Compliance cost impact : It is estimated that the total increase in annual compliance costs for recommendation 1.6 will be $4.4 million for credit licensees. It is estimated that the increase in annual compliance costs for recommendation 2.7 will be $1.08 million for financial services licensees.

The compliance cost impact for recommendations 2.8 and 7.2 is nil.

Schedule 12: Statutory obligation to cooperate and formalising ASIC meeting procedures (recommendation 6.9 and 6.11)

Parts 1 and 2 of Schedule 12 to the Bill implement recommendation 6.9 of the Financial Services Royal Commission to remove barriers to efficient co-operation and information sharing between APRA and ASIC, including requiring the regulators to notify each other when they reasonably believe there may be material breaches of each other’s legislation.

Part 3 of Schedule 12 to the Bill implements recommendation 6.11 of the Financial Services Royal Commission to formalise ASIC meeting procedures.

Date of effect : Schedule 12 commences on the later of the day after Royal Assent and 1 January 2021.

Proposal announced : The proposal was announced on 4 February 2019 as part of the Government’s response to the Financial Services Royal Commission.

Financial impact : Nil.

Human rights implications : Schedule 12 is compatible with human rights. See Statement of Compatibility with Human Rights - Chapter 15, paragraphs 15.217 to 15.247.

Compliance cost impact : Nil.



Chapter 1          

Enforceable code provisions (recommendation 1.15)

Outline of chapter

1.1                   Schedule 1 to the Bill amends the Corporations Act and the Credit Act to strengthen the existing voluntary code of conduct framework to allow ASIC to designate enforceable code provisions in approved codes of conduct. A breach of an enforceable code provision may attract civil penalties (including pecuniary penalties of up to 300 penalty units) and/or other administrative enforcement action from ASIC.

1.2                   Schedule 1 also establishes a mandatory code of conduct framework for the financial services and consumer credit industry through regulations, with the ability to designate certain provisions as civil penalty provisions. A breach of these provisions may attract civil penalties (including pecuniary penalties of up to 1,000 penalty units) and/or other administrative enforcement action from ASIC. A breach of any of the mandatory code of conduct provisions may attract other enforcement action from ASIC.

1.3                   These amendments implement recommendation 1.15 of the Financial Services Royal Commission.

Context of amendments

1.4                   A code of conduct is a set of statements that sets out an industry’s commitment to deliver a certain standard of practice. Where an industry has the capacity, cohesion and commitment to develop an effective code, consumers can receive greater benefits than might otherwise have been achieved.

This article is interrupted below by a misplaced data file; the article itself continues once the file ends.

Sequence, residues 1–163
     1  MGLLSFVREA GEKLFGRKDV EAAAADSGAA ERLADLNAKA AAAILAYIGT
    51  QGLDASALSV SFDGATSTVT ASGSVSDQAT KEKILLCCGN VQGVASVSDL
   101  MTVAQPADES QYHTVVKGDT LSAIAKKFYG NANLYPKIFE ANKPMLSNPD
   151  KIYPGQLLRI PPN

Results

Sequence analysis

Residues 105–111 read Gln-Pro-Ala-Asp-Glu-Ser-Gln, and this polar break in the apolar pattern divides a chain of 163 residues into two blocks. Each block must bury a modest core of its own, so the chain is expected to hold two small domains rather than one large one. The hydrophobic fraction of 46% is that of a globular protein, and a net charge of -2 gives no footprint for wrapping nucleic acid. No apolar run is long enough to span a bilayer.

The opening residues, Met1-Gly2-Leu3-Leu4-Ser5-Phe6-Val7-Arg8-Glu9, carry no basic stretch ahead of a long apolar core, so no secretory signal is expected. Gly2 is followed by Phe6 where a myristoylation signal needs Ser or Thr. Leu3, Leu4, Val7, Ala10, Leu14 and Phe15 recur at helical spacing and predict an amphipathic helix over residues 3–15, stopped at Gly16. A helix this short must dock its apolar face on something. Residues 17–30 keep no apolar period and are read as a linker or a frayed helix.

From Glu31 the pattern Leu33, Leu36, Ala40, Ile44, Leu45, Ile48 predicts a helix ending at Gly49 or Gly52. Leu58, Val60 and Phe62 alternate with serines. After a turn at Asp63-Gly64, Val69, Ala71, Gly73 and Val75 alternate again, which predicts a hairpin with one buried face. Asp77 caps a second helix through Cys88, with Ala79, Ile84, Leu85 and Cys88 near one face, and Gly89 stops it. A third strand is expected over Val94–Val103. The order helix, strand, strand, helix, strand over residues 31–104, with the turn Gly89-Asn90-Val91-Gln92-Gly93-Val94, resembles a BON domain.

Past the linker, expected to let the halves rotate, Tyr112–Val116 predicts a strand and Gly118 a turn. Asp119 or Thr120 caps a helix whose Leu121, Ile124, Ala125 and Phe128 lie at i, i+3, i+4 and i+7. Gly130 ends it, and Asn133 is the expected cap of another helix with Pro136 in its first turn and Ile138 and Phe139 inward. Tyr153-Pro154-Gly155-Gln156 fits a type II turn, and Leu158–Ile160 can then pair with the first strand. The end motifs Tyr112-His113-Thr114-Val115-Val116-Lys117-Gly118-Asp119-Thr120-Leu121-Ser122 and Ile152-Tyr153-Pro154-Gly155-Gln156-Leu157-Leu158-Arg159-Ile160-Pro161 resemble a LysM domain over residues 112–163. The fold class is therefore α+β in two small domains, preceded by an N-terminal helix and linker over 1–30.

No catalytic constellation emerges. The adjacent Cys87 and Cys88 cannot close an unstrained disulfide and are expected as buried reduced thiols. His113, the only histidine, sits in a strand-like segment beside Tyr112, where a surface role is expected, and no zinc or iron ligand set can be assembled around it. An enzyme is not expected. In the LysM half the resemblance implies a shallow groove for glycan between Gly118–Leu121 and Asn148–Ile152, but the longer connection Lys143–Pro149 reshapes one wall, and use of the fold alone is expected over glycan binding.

1.5                   Voluntary codes of conduct have existed in the financial services sector since the late 1980s and a number of codes of conduct have been developed since that time. However, ASIC approval of codes is optional, and historically ASIC approval has not often been sought, or granted.

1.6                   Codes of conduct provide a set of standards for industry on how to comply with and exceed what is required by the law. This can promote better consumer outcomes as well as confidence and trust in the industry.

1.7                   Under the current law, ASIC can approve industry codes of conduct in relation to any aspect of financial services licensees, credit licensees, authorised representatives of financial services licensees, credit representatives and issuers of financial products in relation to the activities of which ASIC has regulatory responsibility (section 1101A of the Corporations Act and section 241 of the Credit Act).

1.8                   ASIC’s approval of a code of conduct is a signal to consumers that they can have confidence in the code. An approved code should respond to identified and emerging consumer issues and deliver substantial benefits to consumers.

1.9                   Commissioner Hayne identified a number of limitations in the current financial services industry codes framework, some of which had previously been identified in the final report of the ASIC Enforcement Review Taskforce.

1.10               In particular, recommendation 1.15 of the Financial Services Royal Commission proposed:

•        that ASIC’s power to approve codes of conduct should extend to codes relating to all Australian Prudential Regulation Authority-regulated institutions and Credit licensees;

•        that industry codes of conduct approved by ASIC may include enforceable code provisions, which are provisions in respect of which a contravention will constitute a breach of the law;

•        that ASIC may take into consideration whether particular provisions of an industry code of conduct have been designated as ‘enforceable code provisions’ in determining whether to approve a code;